- Crypto Fund Research released a list of the top 20 cities for blockchain jobs following a months-long study of the blockchain job market in more than 300 U.S. cities.
- San Francisco topped the list, followed by New York, Chicago, Los Angeles and Boston. Palo Alto, TX; Austin, TX; Menlo Park, CA; Seattle and Denver rounded out the top 10.
- To determine the final ranking, the study evaluated blockchain job listings, companies, startups, hedge funds and venture capital (VC) in each city, as well as the respective unemployment rate.
Blockchain and cryptocurrency have permeated the smart cities industry in a way that some industry leaders think will grow into an inevitable part of city governance. At the Smart City Expo World Congress last year, Bettina Warburg, co-founder and managing partner of Animal Ventures, said a decentralized economy is "inevitable," noting that governments will need to "learn how to unlearn and to get rid of some of the old assumptions we've had about our trade but also about just how we do business together."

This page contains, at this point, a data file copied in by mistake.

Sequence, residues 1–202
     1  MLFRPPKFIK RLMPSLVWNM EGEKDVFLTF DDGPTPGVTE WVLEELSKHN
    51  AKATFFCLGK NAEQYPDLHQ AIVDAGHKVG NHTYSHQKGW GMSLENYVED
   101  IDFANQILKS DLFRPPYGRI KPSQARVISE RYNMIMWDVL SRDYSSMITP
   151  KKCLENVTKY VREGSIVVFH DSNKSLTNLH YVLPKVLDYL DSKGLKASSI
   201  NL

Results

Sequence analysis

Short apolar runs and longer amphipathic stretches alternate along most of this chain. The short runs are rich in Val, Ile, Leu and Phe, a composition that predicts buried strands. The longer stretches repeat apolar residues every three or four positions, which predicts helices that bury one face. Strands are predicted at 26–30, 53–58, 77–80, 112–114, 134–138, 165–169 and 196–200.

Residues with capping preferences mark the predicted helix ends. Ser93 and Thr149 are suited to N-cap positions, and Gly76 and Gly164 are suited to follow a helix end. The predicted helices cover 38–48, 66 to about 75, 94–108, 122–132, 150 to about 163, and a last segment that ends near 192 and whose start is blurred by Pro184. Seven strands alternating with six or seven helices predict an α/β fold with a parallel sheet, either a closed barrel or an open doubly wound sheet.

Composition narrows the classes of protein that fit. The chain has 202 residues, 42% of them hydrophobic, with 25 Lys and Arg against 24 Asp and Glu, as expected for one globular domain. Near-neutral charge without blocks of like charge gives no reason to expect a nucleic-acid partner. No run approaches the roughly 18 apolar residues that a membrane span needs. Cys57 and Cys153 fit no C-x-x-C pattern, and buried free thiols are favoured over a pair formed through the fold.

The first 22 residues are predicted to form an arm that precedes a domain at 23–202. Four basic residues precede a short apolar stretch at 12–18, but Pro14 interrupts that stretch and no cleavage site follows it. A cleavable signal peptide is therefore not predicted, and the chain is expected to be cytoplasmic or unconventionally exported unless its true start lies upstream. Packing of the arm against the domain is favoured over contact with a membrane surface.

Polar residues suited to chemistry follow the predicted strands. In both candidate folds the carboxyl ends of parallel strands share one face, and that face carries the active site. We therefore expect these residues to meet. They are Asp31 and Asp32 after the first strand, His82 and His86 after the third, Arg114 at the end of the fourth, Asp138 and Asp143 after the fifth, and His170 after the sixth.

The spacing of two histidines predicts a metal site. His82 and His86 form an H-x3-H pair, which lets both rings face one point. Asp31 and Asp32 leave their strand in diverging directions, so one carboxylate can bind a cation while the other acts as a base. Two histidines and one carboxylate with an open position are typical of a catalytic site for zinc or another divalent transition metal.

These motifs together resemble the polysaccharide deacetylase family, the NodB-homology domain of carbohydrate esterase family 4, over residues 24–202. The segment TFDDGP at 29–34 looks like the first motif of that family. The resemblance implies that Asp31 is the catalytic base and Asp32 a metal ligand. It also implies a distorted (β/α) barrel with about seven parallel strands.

Therefore, training in the blockchain market and development of blockchain technologies are crucial for cities to prioritize in order to stay ahead of the curve. New York, ranked second on this list, this week announced it will build a physical blockchain resource center to offer education and support of the blockchain industry, while Austin, TX, ranked seventh, is now home to the Austin Blockchain Collective, which also works to promote and educate folks about blockchain and cryptocurrency technology.
Crypto Fund Research noted San Francisco came out on top due to its blockchain companies — the city is home to crypto exchange Coinbase and payment solutions companies like Ripple and Tezos, as well as a number of crypto hedge funds and VC funds — though New York could easily surpass San Francisco in future rankings. In the meantime, other cities will need to position themselves as desirable locations for such companies in order to climb the rankings, grow their job markets and strengthen their reputations as "technology hubs."